If you feel that the judge wronged you while they were performing something that falls under their official duties, you cannot sue them. Judges are granted immunity for any judicial acts that they take during the course of doing their jobs. This includes everything from making rulings in court to handing down sentences at the end of the trial.

Any of these official duties cannot be used as grounds for a lawsuit. The immunity that is granted to judges is quite broad. However, it is not absolute.

What that means is that there are some circumstances where you can sue a judge. In essence, you can sue them for anything illegal that they do that is not a part of their official duties. For instance, if a judge was making false statements about you to the media in an effort to damage your reputation, you could sue them for slander. Talking to the media does not fall under a judge’s official duties. Because of that, they typically don’t have immunity in that situation.

Trying to figure out whether or not you can sue a judge can be quite complicated. There are a lot of legal issues that come into play. The best way to know for sure whether or not you can pursue a case against a judge is to talk to a knowledgeable lawyer.

A lawyer can take a look at the details of your situation to decide whether or not you have a case. Suing a judge is not something that should be done lightly. However, if they have wronged you in some way outside of their official duties, you should be able to take them to court to get justice.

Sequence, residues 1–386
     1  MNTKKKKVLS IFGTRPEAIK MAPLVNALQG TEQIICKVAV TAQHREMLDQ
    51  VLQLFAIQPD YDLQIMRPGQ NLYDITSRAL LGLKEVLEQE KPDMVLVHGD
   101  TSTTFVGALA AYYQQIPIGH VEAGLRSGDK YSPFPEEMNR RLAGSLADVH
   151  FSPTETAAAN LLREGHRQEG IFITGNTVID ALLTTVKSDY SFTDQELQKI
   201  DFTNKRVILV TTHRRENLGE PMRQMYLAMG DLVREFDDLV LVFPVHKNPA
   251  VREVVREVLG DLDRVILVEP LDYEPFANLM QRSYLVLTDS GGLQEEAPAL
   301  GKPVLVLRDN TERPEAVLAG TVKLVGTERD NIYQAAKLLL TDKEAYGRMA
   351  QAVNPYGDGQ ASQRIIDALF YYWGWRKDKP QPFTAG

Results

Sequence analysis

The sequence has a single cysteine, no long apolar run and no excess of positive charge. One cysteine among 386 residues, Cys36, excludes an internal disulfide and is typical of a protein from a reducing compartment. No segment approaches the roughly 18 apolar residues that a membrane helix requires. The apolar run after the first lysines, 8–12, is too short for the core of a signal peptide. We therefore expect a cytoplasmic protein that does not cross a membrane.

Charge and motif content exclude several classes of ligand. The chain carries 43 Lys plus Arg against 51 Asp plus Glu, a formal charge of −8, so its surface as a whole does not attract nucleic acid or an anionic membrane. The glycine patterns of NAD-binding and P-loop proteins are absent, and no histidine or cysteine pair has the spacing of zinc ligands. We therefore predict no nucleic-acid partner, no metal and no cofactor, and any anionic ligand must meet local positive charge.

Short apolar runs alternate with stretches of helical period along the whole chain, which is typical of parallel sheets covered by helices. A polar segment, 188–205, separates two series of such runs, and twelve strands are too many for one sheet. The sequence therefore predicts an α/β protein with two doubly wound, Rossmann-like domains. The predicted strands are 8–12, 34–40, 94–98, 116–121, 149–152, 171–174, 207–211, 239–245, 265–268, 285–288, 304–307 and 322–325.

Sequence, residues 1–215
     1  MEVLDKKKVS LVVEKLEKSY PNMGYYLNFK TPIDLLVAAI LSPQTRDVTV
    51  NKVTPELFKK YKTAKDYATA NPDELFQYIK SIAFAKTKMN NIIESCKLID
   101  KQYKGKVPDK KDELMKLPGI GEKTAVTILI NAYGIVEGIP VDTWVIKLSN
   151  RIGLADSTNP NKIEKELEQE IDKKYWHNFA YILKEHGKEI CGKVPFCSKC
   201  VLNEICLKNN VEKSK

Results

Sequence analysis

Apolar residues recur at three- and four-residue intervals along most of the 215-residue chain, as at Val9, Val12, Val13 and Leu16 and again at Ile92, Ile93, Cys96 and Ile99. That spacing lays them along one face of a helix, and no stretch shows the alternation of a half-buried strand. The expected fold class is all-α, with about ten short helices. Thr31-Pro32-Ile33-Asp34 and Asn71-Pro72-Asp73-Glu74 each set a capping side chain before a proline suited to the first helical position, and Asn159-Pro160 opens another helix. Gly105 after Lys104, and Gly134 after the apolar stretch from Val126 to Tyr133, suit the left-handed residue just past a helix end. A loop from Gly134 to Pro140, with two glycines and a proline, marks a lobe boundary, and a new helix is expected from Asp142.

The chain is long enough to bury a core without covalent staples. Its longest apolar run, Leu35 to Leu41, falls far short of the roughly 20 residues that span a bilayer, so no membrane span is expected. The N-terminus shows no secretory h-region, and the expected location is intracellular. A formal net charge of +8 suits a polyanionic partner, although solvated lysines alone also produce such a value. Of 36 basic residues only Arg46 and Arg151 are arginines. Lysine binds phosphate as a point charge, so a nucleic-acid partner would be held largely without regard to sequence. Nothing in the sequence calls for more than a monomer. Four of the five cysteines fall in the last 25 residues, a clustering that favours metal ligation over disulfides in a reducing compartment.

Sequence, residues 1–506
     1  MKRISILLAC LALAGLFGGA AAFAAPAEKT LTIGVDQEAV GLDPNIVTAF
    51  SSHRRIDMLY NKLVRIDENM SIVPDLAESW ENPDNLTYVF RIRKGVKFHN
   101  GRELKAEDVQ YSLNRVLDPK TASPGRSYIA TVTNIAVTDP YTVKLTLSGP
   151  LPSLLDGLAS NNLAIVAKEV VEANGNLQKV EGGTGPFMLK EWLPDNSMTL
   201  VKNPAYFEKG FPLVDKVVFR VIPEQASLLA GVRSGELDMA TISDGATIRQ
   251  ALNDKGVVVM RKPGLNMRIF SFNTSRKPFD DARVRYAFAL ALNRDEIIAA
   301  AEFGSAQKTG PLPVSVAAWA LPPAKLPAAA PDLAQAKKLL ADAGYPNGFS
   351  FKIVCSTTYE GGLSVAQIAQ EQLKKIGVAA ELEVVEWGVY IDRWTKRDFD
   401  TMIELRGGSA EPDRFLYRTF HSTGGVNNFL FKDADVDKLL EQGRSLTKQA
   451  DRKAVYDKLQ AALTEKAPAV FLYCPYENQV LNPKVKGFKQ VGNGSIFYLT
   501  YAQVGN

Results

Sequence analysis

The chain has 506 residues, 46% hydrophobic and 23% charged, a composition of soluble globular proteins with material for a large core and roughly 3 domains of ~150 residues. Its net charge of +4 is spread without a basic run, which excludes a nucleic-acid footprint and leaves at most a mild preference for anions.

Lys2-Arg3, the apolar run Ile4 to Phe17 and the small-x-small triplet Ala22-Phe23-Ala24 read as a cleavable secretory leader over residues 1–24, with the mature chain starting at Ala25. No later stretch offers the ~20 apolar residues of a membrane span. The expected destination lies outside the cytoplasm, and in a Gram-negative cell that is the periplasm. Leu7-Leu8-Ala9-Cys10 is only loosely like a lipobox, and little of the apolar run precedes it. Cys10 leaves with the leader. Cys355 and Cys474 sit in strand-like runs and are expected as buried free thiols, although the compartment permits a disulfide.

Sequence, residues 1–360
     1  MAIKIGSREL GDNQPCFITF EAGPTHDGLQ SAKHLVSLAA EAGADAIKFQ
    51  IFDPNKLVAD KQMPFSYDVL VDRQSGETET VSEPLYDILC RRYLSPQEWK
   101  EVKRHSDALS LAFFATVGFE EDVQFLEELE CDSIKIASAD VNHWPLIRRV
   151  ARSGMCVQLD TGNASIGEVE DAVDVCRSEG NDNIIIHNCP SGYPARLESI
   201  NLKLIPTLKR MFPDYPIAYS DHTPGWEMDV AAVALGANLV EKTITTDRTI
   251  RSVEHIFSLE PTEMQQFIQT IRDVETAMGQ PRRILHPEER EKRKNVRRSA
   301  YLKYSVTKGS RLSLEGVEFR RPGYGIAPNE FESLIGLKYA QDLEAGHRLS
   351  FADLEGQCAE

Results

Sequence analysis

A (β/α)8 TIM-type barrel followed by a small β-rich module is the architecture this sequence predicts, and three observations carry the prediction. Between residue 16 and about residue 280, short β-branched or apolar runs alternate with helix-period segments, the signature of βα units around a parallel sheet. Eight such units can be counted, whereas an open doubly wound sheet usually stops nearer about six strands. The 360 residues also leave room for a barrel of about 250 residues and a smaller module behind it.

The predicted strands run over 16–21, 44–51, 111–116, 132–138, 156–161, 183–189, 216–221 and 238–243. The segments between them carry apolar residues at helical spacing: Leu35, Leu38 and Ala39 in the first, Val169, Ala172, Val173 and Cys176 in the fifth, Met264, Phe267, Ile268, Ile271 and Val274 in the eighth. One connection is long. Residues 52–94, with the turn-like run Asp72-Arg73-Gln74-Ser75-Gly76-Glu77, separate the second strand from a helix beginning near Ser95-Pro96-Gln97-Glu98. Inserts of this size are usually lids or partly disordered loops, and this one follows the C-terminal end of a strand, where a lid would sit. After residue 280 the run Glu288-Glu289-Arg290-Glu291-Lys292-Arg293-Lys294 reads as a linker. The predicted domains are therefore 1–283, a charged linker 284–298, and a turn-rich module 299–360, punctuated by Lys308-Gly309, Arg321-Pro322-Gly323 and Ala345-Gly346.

Who Are The Most Famous Lawyers Of All Time?

The legal profession plays a critical role in a civil society, as attorneys represent clients and defend or advocate for them, and sometimes act as prosecutors who seek to protect the public. Whole genres of fiction, television, and movies revolve around legal dramas, and lawyers regularly make the news, but who are the most famous lawyers of all time?

Many lawyers go from practicing law to making laws or enforcing them through legislative or executive careers in the government, with a handful going on to become a NYC personal injury attorney or even President. Abraham Lincoln is one such example. Widely considered to be the best American executive across history, he earned his nickname of Honest Abe with his legal clients before he went into politics. A prime example of his courtroom success was in 1858 in defending a client against murder charges. He discredited eyewitness testimony by using a Farmer’s Almanac of all things, eventually getting his client acquitted.